Share This Post


Was practice on Daytona road course too much to ask?

DAYTONA BEACH, FLORIDA – AUGUST 15: Chase Briscoe, driver of the #98 Ford, races Harrison Burton, driver of the #20 DEX Imaging Toyota, and Earl Bamber, driver of the #21 KCMG Chevrolet, during the NASCAR Xfinity Series UNOH 188 at Daytona International Speedway on August 15, 2020 in Daytona Beach, Florida. (Photo by Chris Graythen/Getty Images)

All three of NASCAR’s national series are racing on the road course at Daytona (Fla.) International Speedway this weekend, the first time any of the three series has contested a race on the track. Even so, they’re doing so without practice. I get the reasoning for no practice given the current climate, i.e. the coronavirus pandemic. And I get the idea of no practice on other race weekends, because on other race weekends, the three national series are contesting races at tracks they’ve been to several times over. But no practice on an unknown track? I feel uneasy about that, and yesterday’s NASCAR Xfinity Series race on the course didn’t ease my mind about NASCAR’s decision to not practice at Daytona this weekend.

Saturday’s Xfinity Series race was pretty messy and not because it started on a damp track, either.

When it comes to Sunday afternoon’s Cup Series race, I’m not expecting a clean race, due to the lack of practice on an unknown track. Sure, at least some drivers had the opportunity to learn the course with a simulator. And, sure, simulators these days are pretty realistic. Still, they’re not the same as actual track time.

The two top drivers of 2020, so far, Kevin Harvick and Denny Hamlin, seem to have their doubts. And some of the comments made publicly about the unknown don’t make me feel any better.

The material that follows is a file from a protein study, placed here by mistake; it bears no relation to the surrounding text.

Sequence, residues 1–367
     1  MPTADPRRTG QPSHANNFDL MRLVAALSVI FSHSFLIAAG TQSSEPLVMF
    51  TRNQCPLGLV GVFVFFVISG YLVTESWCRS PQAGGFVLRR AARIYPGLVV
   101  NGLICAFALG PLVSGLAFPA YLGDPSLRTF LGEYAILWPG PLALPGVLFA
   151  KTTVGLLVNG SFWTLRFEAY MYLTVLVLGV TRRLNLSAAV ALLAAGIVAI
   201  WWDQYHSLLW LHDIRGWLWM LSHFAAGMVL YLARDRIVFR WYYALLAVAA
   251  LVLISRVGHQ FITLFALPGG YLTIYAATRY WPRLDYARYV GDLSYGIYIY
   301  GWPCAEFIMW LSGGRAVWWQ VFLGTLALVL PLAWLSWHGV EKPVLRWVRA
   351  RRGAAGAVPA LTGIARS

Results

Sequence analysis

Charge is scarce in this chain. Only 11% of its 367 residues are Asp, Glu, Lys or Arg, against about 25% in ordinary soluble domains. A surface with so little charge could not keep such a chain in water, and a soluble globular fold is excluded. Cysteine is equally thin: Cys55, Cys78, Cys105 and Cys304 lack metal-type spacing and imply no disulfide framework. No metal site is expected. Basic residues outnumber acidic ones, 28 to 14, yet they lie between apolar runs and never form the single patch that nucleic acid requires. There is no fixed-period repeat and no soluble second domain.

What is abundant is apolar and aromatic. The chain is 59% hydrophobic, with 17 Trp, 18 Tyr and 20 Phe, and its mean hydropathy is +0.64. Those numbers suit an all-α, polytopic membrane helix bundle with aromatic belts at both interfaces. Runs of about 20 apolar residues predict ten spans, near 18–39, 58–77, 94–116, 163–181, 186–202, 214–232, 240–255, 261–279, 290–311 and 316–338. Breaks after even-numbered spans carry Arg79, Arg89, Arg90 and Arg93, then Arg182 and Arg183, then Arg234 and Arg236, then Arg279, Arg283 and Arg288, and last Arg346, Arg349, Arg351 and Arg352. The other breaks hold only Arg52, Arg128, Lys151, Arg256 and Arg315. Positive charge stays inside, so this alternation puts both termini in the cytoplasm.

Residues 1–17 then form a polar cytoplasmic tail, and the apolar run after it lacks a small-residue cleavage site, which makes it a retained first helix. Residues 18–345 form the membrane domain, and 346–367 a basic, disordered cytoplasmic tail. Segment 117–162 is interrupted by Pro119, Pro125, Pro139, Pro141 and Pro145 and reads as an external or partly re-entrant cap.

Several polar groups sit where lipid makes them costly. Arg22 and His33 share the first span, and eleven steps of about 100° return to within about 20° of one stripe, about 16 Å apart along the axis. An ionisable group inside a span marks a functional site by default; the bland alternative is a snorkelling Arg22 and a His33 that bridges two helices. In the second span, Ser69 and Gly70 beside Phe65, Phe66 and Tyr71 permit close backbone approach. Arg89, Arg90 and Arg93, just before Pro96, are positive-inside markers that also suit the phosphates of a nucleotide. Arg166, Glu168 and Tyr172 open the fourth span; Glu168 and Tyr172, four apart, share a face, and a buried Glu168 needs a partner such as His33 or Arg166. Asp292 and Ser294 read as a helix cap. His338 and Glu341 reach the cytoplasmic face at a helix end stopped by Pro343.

“Me leading everyone into turn one at Daytona could be interesting, because I have no freaking clue where I’m going,” pole sitter Harvick said.

Hamlin will start alongside Harvick on the front row Sunday afternoon.

“For the 36 guys following me into turn one tomorrow, enter at your own risk,” a tweet from Hamlin during the Xfinity Series race read. “My braking points are not exact and you will likely miss the corner like the top-10 guys just did.”

We’re talking about two of the top drivers in the sport, THE top-two currently. Neither one of them sound very confident, now, do they? Neither am I.

I’m not suggesting NASCAR should have reverted back to a schedule of a couple of practice sessions of nearly an hour for each series. But would a single 30-minute practice session for each series been too much to ask? I’m sure something could’ve been arranged while remaining true to COVID-19 precautionary measures. After all, if they can race, why can’t they make laps for 15-30 minutes just to get acquainted with the track layout?

I’m just talking about a single, brief practice sessions for each series, here — fifteen minutes for each series, at least. I’m sure that wouldn’t have been too much to ask. After all, NASCAR originally planned on practice at Talladega (Ala.) Superspeedway before changing its mind late in the game.

Follow Auto Racing Daily on Twitter @AutoRacingDaily or like Auto Racing Daily on Facebook (

Share This Post

Posted by on August 16, 2020. Filed under Blog by Amanda Vincent,Cup Series,Featured,NASCAR. You can follow any responses to this entry through the RSS 2.0. Both comments and pings are currently closed.